After two years and nine months of having initiated a preliminary examination of the situation in Venezuela aimed at determining the possible existence of reasonable grounds to believe that crimes under the jurisdiction of the International Criminal Court (ICC) may have been committed or are being committed in this territory, the Office of the Prosecutor has announced today the successful completion of the analysis corresponding to the possible jurisdiction that the ICC would have to hear these and consequently, the advancement to phase III of the preliminary examination.
Furthermore, it is necessary to recall that according to articles 11, 12, and 13 of the Rome Statute of the ICC (RS), the referred Court can only exercise its jurisdiction after the accreditation of the competence: (i) temporary, (ii) material, (iii) territorial, or (iv) personal for a determined situation. Premises that were being evaluated by the Office of the Prosecutor during the recently concluded phase II of the preliminary examination.
The first of the above-mentioned requirements imposes, as a general rule, that the alleged crimes have been committed after the entry into force of the RS (Rome Statute) for the respective State. As for the second, it is imperative that the violating conduct can be subsumed under one of the crimes under the ICC’s jurisdiction, namely: genocide, war crimes, aggression or Crimes Against Humanity. The third and fourth requirements are that the alleged crimes must have been committed in the territory of a State Party or by its nationals. The latter elements are alternative, and it will therefore be sufficient to prove one of them in order to assert the jurisdiction of the international tribunal.
Thus, today the Office of the Prosecutor of the ICC, preceded by Fatou Bensouda, has indicated that there are reasonable grounds to believe that the Crimes Against Humanity of murder, imprisonment, sexual violence, persecution, forced disappearance, torture, and other inhumane acts have been committed in Venezuela by nationals of the aforementioned State, since at least 2014. Declaration affirming the temporal, material, territorial, and personal jurisdiction of the ICC in an eventual formal investigation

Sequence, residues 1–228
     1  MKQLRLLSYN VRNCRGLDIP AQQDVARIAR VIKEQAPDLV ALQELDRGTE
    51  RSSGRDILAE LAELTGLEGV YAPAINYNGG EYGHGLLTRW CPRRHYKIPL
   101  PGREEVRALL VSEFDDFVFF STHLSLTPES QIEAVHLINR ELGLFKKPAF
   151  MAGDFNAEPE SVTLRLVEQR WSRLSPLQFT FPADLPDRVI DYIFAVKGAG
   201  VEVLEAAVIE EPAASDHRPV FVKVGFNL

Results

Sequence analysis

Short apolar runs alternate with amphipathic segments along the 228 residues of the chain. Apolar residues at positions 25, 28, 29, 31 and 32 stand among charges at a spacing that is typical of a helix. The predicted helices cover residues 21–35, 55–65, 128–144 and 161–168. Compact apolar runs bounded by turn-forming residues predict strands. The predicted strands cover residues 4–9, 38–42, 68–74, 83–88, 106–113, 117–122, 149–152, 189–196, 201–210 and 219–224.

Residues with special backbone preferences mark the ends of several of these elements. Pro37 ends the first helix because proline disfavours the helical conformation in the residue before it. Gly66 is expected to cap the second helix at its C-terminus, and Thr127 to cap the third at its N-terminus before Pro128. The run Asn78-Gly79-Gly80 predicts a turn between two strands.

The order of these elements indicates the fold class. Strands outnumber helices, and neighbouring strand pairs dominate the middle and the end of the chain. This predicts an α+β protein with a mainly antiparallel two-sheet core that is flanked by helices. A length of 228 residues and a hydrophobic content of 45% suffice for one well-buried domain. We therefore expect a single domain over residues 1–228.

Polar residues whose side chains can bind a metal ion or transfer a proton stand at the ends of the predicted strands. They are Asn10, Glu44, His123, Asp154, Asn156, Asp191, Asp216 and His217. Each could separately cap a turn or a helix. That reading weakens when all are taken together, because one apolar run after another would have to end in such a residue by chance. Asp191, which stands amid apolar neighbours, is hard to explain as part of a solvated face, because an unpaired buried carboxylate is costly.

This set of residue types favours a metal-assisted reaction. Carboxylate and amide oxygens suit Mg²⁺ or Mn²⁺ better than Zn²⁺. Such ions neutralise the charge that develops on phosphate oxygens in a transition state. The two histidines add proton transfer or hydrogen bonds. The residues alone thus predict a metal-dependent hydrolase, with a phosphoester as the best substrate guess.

As a result, the preliminary examination of Venezuela has moved to a new phase, in which the Office of the Attorney General will have to examine admissibility criteria composed of (i) the gravity of the crimes and (ii) complementarity. With respect to gravity, Article 29(2) of the Regulations of the Office of the Prosecutor General requires that, among other factors, accreditation be taken into account:
1. The scale of the crime: assessing the geographical extent, duration, and number of victims affected by the crime;
2. Nature: the crimes of murder and rape are considered particularly serious;
3. Form of commission: crimes committed with abuse of power (de jure or de facto) against particularly vulnerable victims are considered particularly serious;
4. Impact: the social, economic, or environmental damage caused by the crimes must be taken into account.
Finally, with respect to the principle of complementarity established in the preamble of the RS (Rome Statute), the ICC can only take cognizance of a situation when the State called upon to exercise its jurisdiction (in this case, Venezuela) is unable or unwilling to do so by virtue of the provisions of Article 17 of the RS. Thus, a State is considered to lack capacity or willingness when, among other factors:
1. It has not carried out genuine investigations or prosecutions
2. Has incurred an unjustified delay in the process that, given the circumstances, is incompatible with the intention to bring the person concerned to justice;
3. The proceedings have not been or are not being conducted in an independent and impartial manner.
With respect to the latter, there are no investigations in Venezuela aimed at determining the criminal responsibility of middle and high ranking officers who may have executed, ordered, or consented to the implementation of the CAH under preliminary examination. For this reason, the few investigations of lower commanders that the Prosecutor of the regime, Tareck William Saab, could claim to have accredited would not be sufficient to avoid the intervention of the ICC.
By virtue of the foregoing, the Presidential Commissioner for Human Rights and Attention to Victims, Humberto Prado, welcomes the decision of the Office of the Prosecutor of the ICC and trusts that phase III of the preliminary examination on Venezuela will be successfully completed and that, finally, a formal investigation will be initiated for the crimes that have occurred.
In the same vein, he congratulates the documentation work carried out by civil society, whose contributions have been fundamental in denouncing the atrocities carried out in Venezuela.
From the Commission we reiterate our solidarity with the victims and our commitment to continue accompanying them in all the necessary instances. Likewise, we urge the Office of the Prosecutor of the International Criminal Court to deal with the situation in Venezuela quickly, since only to the extent that this happens will it be possible to obtain true justice.